Archived News Release
Oct. 29, 2001
Latest Fish Kill Blamed on Naturally Occurring Golden Algae
SAN ANGELO, Texas — Golden algae, a naturally occurring alga that releases a toxin that has been responsible for fish kills in several Texas river basins earlier this year, has resurfaced, this time on E.V. Spence Reservoir and other nearby impoundments.
The golden alga (Prymnesium parvum) was confirmed earlier this week in connection with fish kills on E.V. Spence Reservoir and on Moss Creek City Lake. The toxin produced by this alga may also be present in Colorado City Lake but with no associated fish kills.
Unlike an extended outbreak earlier this year that caused major fish kills at Possum Kingdom Reservoir and Lake Granbury, the current algal bloom appears to have had nominal effects on the fisheries so far, according to Bobby Farquhar, a San Angelo-based fisheries biologist with Texas Parks and Wildlife.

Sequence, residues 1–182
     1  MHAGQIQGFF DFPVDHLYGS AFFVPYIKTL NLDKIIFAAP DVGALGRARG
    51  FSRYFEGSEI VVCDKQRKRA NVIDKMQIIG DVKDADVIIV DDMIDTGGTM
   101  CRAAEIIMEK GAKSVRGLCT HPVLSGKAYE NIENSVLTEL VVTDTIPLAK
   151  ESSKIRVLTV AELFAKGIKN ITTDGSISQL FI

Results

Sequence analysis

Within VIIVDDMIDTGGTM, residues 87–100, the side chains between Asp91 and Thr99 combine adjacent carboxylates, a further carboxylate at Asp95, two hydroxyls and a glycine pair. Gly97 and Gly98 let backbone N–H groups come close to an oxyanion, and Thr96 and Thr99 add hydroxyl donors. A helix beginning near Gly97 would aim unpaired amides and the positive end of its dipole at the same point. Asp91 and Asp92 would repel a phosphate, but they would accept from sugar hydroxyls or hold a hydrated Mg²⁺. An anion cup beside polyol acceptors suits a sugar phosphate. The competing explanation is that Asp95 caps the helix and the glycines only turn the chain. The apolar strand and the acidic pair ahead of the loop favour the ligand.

"We verified that it is golden algae in Spence, and we have been monitoring the situation," Farquhar said. "The kill showed up last week, and we observed dead fish — primarily threadfin shad and freshwater drum — in the thousands throughout the entire lake. We also observed hundreds of dead game fish, including striped bass, but it appears that not a lot of fish are dying at present."
TPW's Kills and Spills Team has been taking water and fish samples in the affected areas daily, and, according to team member Kip Portis, the situation appears to be subsiding. "I was on Spence on Wednesday taking samples and saw no freshly dead fish. I did see some shad, and they did not appear lethargic so maybe we're seeing an end to this," he said.